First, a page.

In the early eighties, I was playing with a band on tour in the Southwest. Before a show in either Phoenix or Flagstaff, I can't remember which except that the town started with a eff sound, I was driving with the other guitar player from one place to another and saw the following bumper sticker on the back of a burgundy red Chevy pick-up truck:
NO PITE, NO JODA
"Hey, look at that. What the hell does that mean? " I said to my pal. " He peered at it through his turtle glasses which he only wore while driving, though he was more or less as blind as me and neither of us wore our specs while performing - how vain. He read and repeated the words aloud and said, "It's no Spanish I ever learned. Maybe it's Portugese. They're a little similar." The light turned green, the truck made a right and the image of that tailgate with that inscrutable message was burned into my mind forever. When we got to where we were going, I recall asking around. There were plenty of native Spanish-speakers, but no one had any idea of what it meant.
As time passed, that phrase echoed in my mind once a day, like a storm horn, only quieter. I would ask just about anyone I encounter, if I knew them a bit, if they had ever seen this phrase or whether any of the words might be something they'd run across in the past. No joy. I went to the library, asked the help of librarians, spoke to a Spanish teacher, a professor of Portugese, who told me that the word structure wasn't Portugese. My Dad, who spoke at least five Slavic languages plus German fluently and a little Italian, too, in addition to English, had no clue whatsoever. I had a girlfriend during that time who was brought up in an Italian and Swedish-speaking household and it rang no bells for her, either.
NO PITE, NO JODA
The phrase haunted me into the dawn of the internet age. Before there was Google, I searched out the phrase in whatever search engines or portals were available - AltaVista, AOL, Compuserve, Yahoo - you name it. Nuthin'. Later, I Googled it, many times over the years as the Google database grew and grew. Finally, I asked a Rican, a Puerto Rican, that is, who is fluent in their brand of Spanish, which, for some probably macho-nationalistic-my-fubol-team-is-better-than-yours-and-you-don't-even-have-a-team-puta reason, other Spanish speaker deride and denigrate. That's their battle: I just want to know what the heck this insidious phrase means, already.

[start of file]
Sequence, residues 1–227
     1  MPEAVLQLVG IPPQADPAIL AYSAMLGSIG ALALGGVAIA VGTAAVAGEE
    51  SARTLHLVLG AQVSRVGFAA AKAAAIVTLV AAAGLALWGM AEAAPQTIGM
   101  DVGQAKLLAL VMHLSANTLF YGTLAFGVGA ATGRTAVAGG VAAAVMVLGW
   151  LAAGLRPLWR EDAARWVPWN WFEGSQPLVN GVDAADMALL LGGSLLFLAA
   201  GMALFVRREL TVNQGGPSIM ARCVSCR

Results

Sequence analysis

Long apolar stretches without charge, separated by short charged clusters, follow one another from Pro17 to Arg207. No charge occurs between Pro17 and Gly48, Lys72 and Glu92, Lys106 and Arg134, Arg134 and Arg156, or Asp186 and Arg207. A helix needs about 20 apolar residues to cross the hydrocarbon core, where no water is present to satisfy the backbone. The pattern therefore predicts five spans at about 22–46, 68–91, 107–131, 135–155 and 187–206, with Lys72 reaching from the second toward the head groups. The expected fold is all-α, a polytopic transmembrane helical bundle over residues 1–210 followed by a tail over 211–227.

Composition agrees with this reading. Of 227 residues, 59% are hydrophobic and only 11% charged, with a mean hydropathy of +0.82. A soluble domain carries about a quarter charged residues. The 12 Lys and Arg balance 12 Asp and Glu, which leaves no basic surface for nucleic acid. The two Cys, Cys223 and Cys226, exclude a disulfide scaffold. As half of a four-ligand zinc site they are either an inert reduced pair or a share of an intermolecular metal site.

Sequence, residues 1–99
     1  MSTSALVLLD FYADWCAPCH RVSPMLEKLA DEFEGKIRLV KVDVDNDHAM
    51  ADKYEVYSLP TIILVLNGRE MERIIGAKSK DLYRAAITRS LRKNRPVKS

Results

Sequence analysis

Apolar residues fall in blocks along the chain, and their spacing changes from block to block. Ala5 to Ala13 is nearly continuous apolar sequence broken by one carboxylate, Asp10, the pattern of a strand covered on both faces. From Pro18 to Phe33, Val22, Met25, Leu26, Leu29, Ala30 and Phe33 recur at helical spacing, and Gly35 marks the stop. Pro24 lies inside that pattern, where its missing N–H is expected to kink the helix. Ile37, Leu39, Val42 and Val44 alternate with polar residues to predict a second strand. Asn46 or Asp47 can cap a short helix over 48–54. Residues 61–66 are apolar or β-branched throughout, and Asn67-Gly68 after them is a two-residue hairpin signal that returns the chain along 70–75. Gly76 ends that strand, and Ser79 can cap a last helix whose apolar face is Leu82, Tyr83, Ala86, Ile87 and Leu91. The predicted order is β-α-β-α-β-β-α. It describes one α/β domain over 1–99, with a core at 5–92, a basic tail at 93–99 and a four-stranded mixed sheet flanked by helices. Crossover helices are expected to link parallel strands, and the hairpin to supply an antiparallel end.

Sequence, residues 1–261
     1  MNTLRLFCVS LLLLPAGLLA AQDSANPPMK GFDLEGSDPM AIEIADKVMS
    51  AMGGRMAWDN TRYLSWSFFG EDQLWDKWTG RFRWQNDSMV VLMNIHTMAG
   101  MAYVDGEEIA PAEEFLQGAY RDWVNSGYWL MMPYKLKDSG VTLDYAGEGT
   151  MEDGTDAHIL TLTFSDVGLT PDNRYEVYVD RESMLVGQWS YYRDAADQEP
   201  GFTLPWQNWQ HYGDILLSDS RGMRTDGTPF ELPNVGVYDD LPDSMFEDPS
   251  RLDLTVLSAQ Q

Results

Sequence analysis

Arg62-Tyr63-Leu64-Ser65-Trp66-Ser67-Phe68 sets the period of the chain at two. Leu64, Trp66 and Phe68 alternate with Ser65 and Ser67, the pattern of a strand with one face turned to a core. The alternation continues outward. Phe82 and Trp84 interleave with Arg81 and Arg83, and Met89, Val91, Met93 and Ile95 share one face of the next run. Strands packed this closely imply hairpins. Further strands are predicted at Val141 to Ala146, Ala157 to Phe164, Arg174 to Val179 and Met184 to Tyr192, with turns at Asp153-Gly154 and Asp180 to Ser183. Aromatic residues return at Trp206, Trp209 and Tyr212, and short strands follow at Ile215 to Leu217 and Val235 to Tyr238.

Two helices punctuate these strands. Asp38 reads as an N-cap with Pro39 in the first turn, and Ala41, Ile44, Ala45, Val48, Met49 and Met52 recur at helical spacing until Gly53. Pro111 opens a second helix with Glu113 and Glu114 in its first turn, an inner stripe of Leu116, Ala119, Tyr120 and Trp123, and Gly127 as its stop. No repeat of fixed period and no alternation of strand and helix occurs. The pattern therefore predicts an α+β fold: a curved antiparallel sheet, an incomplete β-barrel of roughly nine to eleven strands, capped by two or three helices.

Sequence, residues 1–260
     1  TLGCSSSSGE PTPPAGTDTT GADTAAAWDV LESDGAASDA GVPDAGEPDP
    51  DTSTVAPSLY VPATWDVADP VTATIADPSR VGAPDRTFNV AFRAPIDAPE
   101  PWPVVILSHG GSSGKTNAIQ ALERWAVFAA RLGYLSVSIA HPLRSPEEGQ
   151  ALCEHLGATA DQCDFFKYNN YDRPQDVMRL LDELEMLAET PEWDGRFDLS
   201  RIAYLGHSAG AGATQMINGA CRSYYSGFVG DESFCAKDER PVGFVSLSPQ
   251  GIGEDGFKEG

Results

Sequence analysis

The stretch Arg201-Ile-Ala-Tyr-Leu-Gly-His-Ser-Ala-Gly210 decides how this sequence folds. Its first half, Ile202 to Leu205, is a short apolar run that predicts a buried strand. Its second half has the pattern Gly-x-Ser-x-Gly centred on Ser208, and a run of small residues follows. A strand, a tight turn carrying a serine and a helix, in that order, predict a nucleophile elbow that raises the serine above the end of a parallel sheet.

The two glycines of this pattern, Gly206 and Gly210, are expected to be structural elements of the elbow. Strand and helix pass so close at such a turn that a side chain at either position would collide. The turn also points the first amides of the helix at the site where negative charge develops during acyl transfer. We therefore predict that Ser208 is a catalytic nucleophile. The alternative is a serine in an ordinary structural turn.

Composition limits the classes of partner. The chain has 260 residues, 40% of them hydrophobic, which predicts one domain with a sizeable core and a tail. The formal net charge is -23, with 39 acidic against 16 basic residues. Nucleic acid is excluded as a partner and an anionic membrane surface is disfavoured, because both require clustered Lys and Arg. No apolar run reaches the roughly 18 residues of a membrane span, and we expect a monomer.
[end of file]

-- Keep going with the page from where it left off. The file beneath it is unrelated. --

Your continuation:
So, here's what it means:
Don't beep (your horn), don't mess with me.
Alternatively, the second part of the phrase can mean "don"t f•ck with me" when used with emphasis.
It's simple, it makes sense and yet, no one could help me with this for thirty frickin' years? Hmm, maybe my PR translator is dead wrong. So, I asked around, but this time, I sought out Carribean Spanish speakers - a Cuban, a Dominican and another Puerto Rican. "Oh, si, sure I can tell you what that means," said the Cuban. "It say, don't press on me, don't bother me." Okay, so, his English wasn't so good, but that's close enough. The Dominican said, "You shouldn't say that to someone who speaks Spanish unless you wanna get cut. It means, like, 'don't push my buttons, don't whistle at me, don't f•ck with me'. So, like a girl might say that if you're, like, gittin' on her at the club, you know?" Thanks, Oskar. And finally, the proof that countrymen often stick together because they more or less are tightly bound by culture and history, the Puerto Rican told me, "Sure, that means 'don't beep at me and don't mess with me." It's not that hard to figure out. What was that? On a bumper sticker?" Tip o' the hat, Ramon.
Of course, now I'm wondering how this particular bumper sticker relates to history. Was it just a clever phrase like, "Please don't tailgate and we won't meet by accident"? Or was it the battle cry for some union battle or in defense of the rights of migrant workers or grassroots support for an obscure town council seat in a dusty Arizona or New Mexico hamlet. Three decades ago, that is, so long ago that contemporaries will have forgotten what the fight was about and, in hindsight, the contested matter was really not such a huge deal after all and so, in turn, no real record exists, except maybe for the Sun Star Herald Intelligencer's newpaper archives where a grainy, yellowed photo shows the sticker being proudly displayed at a rally of some kind by a youngish dude in a white straw range hat with a bristol-white smile and his future entirely ahead.
It's possible, I guess, but I'll probably never know for sure. It's yet another fact that I can't verify. Sigh.
At the beginning of this thang, I mentioned there were two things that had been stuck in my head and I will not disappoint you. The joke I started so many years ago and cannot finish, starts like this:
Two Jews walk into a bar.
Go from there. Go ahead. Try it. You will fail. I have failed, miserably. Maybe I should find another Jew and walk into a bar and just . . . see . . . what . . . happens. Not fer nuthin', but Tyler and Calvin, fairly typical, at least IQ-wise, inhabitants of "truth by consensus" websites like ask.com (notice no link, okay?) can't figure it out, either: